This is amazing and beautiful and just darn cool: tree rings translated into music. Not that it’ll be a problem with the tree songs, but just in case, here’s how to get a song out of your head. It’s always fun to consider similarities between music and math. Here’s some new neurological data on the subject. Playing […]
A meteor crashed into the moon and this video camera watched it happen. As a Tetris fiend, this is some video game research I am personally overjoyed by. The California drought is bad. Real bad. I actually think these simple changes to food labels could make a big difference, at least in my own life. […]
I had a friend in college who claimed to have extremely good “gaydar.” She insisted that, generally speaking, lesbians (of which she was one) tended to be better at picking out other lesbians from a crowd and that I, despite my own experimental tendencies, shouldn’t even try. I was basically straight and didn’t know what […]
Oh dear god, they said snow…again. At least if you get to spend your days playing up at the Marine Science Center in Nahant, it’ll be pretty: Video courtesy of Northeastern professor of Marine and Environmental Science, Brian Helmuth‘s lab.
This should have gone up on Friday, but I failed. Sorry guys. Enjoy, this monday morning, three wonderful videos at the end. Whoa. Seal a bullet wound in seconds? Hopefully I never have a need for this, but still, good to know. This is so depressing. Come on, people!
There are two things that govern how we move: our brains and the muscles themselves. Every time we pick up a cup or wave to a friend, neurological stimuli must make their way from the brain to the muscles involved to generate a contraction or relaxation in those muscles and a subsequent movement. But local […]
Antelope Heart by Andrew Langdal ◄ Back Next ► Picture 1 of 28 In celebration of Valentine’s Day, a slideshow of hearts found in nature. All photos from Flickr, used under the Creative Commons License. These guys figured out a way to get skin cells — which scientists have been able to grow in the […]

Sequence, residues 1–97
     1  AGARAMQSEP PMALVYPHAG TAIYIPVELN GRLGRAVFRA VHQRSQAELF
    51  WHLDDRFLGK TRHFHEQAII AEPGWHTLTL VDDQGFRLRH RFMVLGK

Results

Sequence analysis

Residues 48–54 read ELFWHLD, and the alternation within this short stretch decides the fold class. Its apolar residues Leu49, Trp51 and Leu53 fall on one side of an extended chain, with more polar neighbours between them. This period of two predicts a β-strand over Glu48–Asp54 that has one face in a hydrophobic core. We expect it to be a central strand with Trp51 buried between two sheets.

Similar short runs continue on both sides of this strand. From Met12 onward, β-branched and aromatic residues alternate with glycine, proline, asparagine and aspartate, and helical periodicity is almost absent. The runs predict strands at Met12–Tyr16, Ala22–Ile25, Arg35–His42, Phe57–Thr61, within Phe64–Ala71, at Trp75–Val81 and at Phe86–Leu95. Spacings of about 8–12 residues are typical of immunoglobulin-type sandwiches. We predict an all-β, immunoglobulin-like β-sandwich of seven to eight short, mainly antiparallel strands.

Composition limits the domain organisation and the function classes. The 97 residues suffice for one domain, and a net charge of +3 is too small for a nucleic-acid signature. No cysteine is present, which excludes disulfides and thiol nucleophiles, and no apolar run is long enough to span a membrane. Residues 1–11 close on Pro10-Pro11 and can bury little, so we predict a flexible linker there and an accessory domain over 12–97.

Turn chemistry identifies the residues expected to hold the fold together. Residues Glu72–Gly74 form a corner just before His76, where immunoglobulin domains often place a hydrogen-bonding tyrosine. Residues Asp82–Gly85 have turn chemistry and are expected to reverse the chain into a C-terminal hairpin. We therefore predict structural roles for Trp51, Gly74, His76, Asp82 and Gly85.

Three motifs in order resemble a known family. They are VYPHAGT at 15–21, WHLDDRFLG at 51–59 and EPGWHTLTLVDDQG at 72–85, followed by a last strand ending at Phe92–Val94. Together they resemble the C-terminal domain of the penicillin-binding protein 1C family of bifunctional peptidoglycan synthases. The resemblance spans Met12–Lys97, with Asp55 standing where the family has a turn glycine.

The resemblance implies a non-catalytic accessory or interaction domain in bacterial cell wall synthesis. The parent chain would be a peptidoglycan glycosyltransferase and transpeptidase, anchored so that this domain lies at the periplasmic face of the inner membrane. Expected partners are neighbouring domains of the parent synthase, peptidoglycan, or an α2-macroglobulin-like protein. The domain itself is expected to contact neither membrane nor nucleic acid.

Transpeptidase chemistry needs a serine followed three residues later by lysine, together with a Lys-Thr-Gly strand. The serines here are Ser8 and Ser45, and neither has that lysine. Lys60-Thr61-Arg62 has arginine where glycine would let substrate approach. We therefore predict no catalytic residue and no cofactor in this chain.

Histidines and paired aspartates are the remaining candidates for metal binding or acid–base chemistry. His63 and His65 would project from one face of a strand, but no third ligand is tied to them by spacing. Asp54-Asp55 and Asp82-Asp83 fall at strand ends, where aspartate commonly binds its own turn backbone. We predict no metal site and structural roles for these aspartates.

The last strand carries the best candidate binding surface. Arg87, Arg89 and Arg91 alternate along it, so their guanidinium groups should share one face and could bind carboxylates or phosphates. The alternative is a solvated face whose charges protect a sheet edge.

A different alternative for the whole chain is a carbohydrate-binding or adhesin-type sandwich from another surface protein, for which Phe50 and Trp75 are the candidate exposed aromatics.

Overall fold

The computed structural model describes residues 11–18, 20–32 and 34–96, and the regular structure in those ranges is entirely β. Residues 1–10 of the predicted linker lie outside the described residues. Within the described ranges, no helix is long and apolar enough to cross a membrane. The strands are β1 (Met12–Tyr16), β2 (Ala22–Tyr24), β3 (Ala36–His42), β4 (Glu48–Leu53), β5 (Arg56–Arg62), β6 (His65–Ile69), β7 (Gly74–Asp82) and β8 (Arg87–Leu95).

Online social interactions have created an entirely new way for humans to interact, and the standard operating procedures don’t work. We don’t get the immediate feedback we do with face-to-face interactions–cues about the other person’s reaction through their expressions and gestures, for example. But we subconsciously rely on those cues to proceed in a functional […]
One of the first sensing prosthetic limbs debuted this week. Pretty incredible, really. Agreed: “Climate change will make it increasingly difficult to feed the world. Biotech crops will have an essential role in ensuring that there’s enough to eat.” We lost a great actor last weekend with the passing of Philip Seymour Hoffman. Here’s an […]
First of all, just take a look at this and then we’ll talk some more: Okay, now you have the background around which this post revolves. I sometimes play trivia at a restaurant near my house and every time the category happens to be science, the whole room erupts with the distinctive tone of Thomas Dolby’s voice reiterating […]
Okay, folks. It’s Friday afternoon and I sorely owe you a blog post. Not just for this week, but for the last one, too. So, instead of making excuses for my absence, I’m just going to use them as fodder for a post. Here’s a quick rundown of a few things I learned during this […]
Everyone wants to figure out the secret to going viral. It’s become a whole science these days. Ran across two links this week on the topic: first, an infographic on the most oft-appearing words in viral Facebook posts, tweets, and blog posts. Second, a New Yorker blog post on what those words reveal about […]